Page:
Recently I was commisioned to do a painting of a particular type of beetle called a Staphylinid, (aka Rove Beetle). This beetle’s latin name is Zalobius nancyae. Of course I was very excited to do a large “habitus” of this fascinating and ancient lineage, but I had no idea how small it was until I was handed the box with the specimens inside. We are not talking about long-grain basmati, this was more like a runt-sized grain of short grained rice: TINY.
As I do not own a stereo microscope, I had a major dilemma in making my preliminary sketch accurate- actually making one at all! But without too much having to dig around and research, I was soon offered use of the stereo microscopes in the back room at the jewelry shop where my sister works..thanks Sarah! I sat down to do a large shaded pencil study of the details, with notes on shading patterns, hairs, and glare. (I then reduced the prelim sketch down for the transfer).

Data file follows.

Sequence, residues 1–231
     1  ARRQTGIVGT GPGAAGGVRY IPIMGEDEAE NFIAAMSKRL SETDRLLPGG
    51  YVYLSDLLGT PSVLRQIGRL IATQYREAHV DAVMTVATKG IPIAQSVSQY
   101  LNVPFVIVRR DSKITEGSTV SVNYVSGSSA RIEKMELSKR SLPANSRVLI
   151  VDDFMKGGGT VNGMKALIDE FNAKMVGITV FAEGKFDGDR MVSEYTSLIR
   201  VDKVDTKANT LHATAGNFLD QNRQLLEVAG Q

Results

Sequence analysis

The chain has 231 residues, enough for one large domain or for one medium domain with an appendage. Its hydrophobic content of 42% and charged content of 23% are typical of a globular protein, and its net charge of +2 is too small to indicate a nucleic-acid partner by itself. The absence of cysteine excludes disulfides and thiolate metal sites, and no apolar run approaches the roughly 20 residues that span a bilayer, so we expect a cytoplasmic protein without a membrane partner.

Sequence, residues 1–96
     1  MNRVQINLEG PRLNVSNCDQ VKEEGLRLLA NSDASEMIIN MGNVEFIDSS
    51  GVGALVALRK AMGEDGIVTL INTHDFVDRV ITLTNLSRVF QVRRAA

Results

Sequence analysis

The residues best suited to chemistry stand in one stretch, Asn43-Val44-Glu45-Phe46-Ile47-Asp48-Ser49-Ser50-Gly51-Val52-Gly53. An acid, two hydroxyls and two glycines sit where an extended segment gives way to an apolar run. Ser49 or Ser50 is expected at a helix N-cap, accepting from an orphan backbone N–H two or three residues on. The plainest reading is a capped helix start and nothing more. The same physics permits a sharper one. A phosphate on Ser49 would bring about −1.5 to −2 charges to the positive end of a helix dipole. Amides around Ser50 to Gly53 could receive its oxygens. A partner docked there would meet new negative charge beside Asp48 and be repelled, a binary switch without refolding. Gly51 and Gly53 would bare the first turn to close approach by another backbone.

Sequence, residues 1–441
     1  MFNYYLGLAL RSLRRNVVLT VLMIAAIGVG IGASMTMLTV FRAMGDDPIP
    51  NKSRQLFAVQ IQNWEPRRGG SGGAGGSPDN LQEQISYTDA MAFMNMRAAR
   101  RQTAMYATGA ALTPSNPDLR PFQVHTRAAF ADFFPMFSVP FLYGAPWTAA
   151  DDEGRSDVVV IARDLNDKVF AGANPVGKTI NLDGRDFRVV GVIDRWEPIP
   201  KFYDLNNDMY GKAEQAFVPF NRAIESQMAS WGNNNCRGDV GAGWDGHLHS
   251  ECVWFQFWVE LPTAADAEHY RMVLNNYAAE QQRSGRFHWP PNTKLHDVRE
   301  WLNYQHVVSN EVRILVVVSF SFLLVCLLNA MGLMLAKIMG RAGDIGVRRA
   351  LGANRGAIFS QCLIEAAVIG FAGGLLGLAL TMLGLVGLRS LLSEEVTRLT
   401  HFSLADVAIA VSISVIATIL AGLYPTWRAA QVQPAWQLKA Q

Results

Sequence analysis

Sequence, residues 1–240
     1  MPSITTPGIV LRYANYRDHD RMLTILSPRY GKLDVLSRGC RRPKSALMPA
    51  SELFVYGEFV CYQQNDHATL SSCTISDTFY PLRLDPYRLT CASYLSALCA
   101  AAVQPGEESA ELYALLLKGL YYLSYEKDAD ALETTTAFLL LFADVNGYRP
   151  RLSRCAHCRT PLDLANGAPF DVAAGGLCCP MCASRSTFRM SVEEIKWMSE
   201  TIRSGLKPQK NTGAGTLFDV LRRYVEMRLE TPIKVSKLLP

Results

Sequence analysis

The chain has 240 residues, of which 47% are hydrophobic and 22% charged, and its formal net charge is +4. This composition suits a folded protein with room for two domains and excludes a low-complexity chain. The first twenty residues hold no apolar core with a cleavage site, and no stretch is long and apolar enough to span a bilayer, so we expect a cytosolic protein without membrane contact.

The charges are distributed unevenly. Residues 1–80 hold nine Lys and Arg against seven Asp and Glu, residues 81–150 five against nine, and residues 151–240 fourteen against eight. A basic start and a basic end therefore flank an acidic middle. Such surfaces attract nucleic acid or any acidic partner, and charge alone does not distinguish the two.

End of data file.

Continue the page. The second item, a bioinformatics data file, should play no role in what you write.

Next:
I decided to use gouache for its amazing blending properties, and how rich the tones can be by layering more and more and more swaths of color. Artists of any medium must always be patient to push on through the “ugly” phase of a painting, when it appears flat and dull. This illustration certainly had that stage, but truly I live for the last moments of a painting like this when I get to add the glare, and the drop-shadow…utterly rewarding!
It does this amazing dimensional transformational thing where it just starts to bulge and warp in waves right up off the paper. I just finished the piece last week, and I am quite cheeky with it…check out the nice version of it in my portfolio- there is no tissue-paper smudge protector around that version!